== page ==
Now, the beef is 100% grass fed, something of interest to healthier eaters. Compared with other types of beef, grass-fed beef typically has:

  • Less total fat.
  • More heart-healthy omega-3 fatty acids.
  • More antioxidant vitamins, such as vitamin E.
  • More conjugated linoleic acid, a type of fat that’s thought to reduce heart disease and cancer risks.
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    Learn more at Applegate.com.

    BELVITA BREAKFAST BISCUITS IN CRANBERRY ORANGE

    Since their launch by Nabisco in 2012, belVita has been a favorite breakfast and snack item at our office and a Top Pick Of The Week. We prefer the original crunchy biscuits to the subsequent Soft Baked and Biscuit Bites variations.

    Recently, Cranberry Orange was added to belVita’s crunchy flavors. Along with Blueberry and Chocolate, it’s a favorite. The line is certified kosher (dairy) by OU. Discover more at BelvitaBreakfast.com.
     
    HALFPOPS

    Halfpops, a NIBBLE Top Pick Of The Week, has added two new flavors to originals Butter & Sea Salt and Aged White Cheddar.

    The newcomers, Caramel & Sea Salt and Chipotle Barbeque, are equally delicious. The line is certified kosher (dairy) by OU, and certified gluten free. Find the retailer nearest you at Halfpops.com.

     

    NONNI’S THIN ADDICTIVES, NOW IN MANGO

    Nonni’s Thin Addictives, a lower-calorie alternative to biscotti, has released Mango Coconut Almond Thins.

    It joins Banana Dark Chocolate, Blueberry Oat Almond, Cinnamon Raisin, Cranberry Almond and Pistachio as a crunchy side to coffee and tea.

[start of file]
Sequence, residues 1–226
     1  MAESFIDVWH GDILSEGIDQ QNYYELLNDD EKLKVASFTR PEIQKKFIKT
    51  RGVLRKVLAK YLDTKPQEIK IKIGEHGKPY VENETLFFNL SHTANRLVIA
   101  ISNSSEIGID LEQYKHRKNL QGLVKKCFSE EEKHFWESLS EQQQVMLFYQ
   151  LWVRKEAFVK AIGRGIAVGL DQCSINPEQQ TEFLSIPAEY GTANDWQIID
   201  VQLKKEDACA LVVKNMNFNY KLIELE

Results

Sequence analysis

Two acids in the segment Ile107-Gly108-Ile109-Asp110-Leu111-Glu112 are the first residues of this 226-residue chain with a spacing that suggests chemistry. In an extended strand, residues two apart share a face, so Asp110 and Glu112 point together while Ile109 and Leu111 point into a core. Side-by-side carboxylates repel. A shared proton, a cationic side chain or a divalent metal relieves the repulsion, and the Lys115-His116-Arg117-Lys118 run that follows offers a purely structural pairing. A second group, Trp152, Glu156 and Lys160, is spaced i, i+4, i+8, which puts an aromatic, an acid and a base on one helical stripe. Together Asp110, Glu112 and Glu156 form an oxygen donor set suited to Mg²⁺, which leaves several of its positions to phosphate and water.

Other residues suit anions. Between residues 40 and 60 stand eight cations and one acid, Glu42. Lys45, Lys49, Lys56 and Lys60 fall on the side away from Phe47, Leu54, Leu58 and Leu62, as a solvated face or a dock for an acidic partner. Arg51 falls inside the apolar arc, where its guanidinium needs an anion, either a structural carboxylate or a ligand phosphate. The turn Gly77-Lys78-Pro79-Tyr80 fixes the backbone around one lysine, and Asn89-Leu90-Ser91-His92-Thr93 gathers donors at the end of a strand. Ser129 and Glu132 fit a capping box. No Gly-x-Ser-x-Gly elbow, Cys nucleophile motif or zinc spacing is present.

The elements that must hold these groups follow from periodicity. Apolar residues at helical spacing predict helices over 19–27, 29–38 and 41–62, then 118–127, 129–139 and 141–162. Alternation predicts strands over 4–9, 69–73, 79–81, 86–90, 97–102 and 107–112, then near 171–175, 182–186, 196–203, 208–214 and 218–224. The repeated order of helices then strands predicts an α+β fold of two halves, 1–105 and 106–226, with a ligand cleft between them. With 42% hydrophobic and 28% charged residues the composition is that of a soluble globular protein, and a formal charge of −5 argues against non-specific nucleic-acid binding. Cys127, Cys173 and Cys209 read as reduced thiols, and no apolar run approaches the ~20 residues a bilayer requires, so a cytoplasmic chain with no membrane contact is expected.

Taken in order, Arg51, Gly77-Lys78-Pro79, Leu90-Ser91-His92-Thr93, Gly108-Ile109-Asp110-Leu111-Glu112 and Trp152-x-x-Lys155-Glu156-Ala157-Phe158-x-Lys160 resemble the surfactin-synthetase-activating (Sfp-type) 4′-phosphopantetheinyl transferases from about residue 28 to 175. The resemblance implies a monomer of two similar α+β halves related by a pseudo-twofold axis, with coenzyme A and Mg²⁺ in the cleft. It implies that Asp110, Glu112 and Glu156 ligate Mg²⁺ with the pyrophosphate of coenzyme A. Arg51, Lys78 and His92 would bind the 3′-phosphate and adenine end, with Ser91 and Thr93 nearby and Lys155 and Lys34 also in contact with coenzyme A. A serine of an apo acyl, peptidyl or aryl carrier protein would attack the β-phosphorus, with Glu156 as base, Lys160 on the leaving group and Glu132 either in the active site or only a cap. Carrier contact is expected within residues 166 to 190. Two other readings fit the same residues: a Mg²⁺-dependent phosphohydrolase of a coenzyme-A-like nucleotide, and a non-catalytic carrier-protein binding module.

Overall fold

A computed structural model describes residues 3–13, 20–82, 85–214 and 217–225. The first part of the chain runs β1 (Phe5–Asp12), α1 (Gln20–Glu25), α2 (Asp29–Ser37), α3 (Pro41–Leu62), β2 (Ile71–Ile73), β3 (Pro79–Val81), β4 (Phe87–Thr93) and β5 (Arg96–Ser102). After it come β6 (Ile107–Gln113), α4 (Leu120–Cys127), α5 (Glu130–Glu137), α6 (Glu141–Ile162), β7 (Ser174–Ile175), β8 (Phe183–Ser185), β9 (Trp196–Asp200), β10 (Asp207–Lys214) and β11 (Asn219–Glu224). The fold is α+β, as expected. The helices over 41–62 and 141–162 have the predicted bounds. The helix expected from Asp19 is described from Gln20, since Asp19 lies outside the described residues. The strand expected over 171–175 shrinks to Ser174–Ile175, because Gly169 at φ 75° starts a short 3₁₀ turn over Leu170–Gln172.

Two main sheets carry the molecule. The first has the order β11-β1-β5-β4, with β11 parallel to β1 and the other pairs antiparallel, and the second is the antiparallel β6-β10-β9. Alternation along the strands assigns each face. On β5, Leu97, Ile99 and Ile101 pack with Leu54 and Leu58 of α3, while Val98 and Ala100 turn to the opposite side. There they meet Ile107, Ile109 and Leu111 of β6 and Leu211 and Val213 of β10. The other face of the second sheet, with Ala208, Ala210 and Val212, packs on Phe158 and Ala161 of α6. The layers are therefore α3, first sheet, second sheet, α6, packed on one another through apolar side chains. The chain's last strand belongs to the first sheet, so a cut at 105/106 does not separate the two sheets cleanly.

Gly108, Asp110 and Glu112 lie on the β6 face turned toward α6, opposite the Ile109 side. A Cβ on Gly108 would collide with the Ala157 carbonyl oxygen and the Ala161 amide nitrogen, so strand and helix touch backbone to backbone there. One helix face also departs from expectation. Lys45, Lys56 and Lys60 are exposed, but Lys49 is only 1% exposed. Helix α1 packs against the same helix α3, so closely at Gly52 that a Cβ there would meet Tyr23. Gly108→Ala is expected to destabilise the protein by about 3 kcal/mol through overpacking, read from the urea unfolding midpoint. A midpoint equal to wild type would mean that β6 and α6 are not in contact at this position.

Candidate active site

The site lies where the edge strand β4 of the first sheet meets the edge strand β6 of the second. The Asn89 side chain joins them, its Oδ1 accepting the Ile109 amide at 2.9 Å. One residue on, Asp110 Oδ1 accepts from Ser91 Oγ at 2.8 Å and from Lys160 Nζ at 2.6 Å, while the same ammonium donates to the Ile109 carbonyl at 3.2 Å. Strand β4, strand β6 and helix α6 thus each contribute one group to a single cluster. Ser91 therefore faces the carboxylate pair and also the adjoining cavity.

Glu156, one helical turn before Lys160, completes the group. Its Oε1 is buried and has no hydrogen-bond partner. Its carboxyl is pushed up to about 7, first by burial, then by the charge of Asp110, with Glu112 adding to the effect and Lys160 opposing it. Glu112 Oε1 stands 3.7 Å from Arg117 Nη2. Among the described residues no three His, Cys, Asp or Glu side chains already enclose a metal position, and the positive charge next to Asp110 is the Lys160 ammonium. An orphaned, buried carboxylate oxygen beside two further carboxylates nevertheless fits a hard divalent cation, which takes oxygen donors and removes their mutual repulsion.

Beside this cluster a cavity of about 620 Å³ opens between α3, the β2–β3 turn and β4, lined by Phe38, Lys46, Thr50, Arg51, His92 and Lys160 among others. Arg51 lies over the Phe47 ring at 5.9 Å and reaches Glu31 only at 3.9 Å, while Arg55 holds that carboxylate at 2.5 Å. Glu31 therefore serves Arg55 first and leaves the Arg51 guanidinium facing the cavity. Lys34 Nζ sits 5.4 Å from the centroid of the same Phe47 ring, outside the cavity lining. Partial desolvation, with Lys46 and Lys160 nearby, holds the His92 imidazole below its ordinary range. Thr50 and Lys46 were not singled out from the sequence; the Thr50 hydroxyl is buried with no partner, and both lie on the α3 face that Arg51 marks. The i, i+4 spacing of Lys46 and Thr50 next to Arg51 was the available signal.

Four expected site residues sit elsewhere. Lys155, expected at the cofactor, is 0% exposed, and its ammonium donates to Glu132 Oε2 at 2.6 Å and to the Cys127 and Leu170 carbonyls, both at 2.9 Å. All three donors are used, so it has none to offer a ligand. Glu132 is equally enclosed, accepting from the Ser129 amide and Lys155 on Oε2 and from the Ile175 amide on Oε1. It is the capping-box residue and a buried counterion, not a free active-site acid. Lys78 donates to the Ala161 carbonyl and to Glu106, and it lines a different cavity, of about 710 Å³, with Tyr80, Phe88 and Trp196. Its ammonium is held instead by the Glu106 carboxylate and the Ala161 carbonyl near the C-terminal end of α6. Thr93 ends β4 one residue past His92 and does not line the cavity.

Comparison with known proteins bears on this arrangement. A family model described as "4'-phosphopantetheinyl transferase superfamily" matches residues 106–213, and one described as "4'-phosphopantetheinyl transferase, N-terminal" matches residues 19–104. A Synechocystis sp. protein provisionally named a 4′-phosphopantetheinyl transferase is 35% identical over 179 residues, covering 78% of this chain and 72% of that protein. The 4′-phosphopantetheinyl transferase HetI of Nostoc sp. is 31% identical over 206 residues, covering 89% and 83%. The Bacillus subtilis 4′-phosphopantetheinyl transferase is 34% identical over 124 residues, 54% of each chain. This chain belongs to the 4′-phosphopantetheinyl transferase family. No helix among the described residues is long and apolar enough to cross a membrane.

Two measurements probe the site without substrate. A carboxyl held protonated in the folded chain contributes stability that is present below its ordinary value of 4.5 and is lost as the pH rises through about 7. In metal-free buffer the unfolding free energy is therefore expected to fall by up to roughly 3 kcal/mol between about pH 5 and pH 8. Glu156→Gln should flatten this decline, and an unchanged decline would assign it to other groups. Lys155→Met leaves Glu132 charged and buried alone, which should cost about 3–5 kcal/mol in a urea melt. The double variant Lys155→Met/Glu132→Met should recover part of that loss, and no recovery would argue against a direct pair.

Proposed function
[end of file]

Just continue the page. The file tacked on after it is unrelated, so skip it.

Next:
The line is certified kosher (parve) by MK, a Montreal certifier (the product is made in Canada). Discover more at Nonnis.com.
     

    PRETZEL CRISPS, GLUTEN-FREE

    Flat, crunchy Pretzel Crisps are another favorite snack. We used the Dark Chocolate & Peppermint and White Chocolate & Peppermint flavors as stocking stuffers last December, and extolled the Sriracha & Lime flavor more recently.

    Now, there are four gluten-free varieties that taste just as good as the conventional versions: Gluten Free Original Minis, Gluten Free Dark Chocolate Flavored Crunch Minis, Gluten Free Salted Caramel Minis and Gluten Free Vanilla Yogurt Flavored Crunch Minis.

    From Deli Style to Minis to Modern Classics to Everyday Indulgents and Holiday Indulgents, there are quite a selection of Pretzel Crisps. See the whole line at PretzelCrisps.com. The line is certified kosher (dairy) by OU.

     

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    Chipotle Barbeque joins Caramel & Sea Salt in the Halfpops line. Photo courtesy Halfpops.

     
    QUAKER OATS’ 3-MINUTE STEEL CUT OATS

    Quaker has introduced new Quick 3-Minute Steel Cut Oats, which delivers the same hearty texture and nutty taste that has made steel cut oats our favorite—but with a far more convenient cook time.

    Available in plain oats in canisters, and flavored individual pouches: 3-Minute Blueberries & Cranberries and Cinnamon and Sugar. Discover more at QuakerOats.com.
     
    SAMUEL ADAMS SUMMER BEERS

    Some people like a lighter brew for the hot weather, and Samuel Adams offers a good selection. Two new lighter brews for summer refreshment include Downtime Pilsner, a “laid-back” golden pilsner, and Rebel Rider IPA, a hoppy West Coast-style IPA with a lighter body. These new brews are joined by traditional summer favorites, Boston Lager, Porch Rocker and Summer Ale.

    Also new, from the Small Batch Collection, is Honey Queen, a blend of mead and beer. Dating back to the 12th century, this combination is known as a braggot—a new word for our Beer Glossary. It’s brewed with three different honeys, complex hops and chamomile for a tart sweetness with a lovely honey finish.

    Learn more at SamuelAdams.com.

      

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    GIFT: A Camera Lens Mug

    Here’s a special gift for a mom, dad or grad who’s into photography: This camera lens is actually a mug!

    Totally detailed, it looks and feels like the real thing and holds a hefty 15 ounces of beverage. The lens cap sip top doubles as a coaster or a dish for nibbles.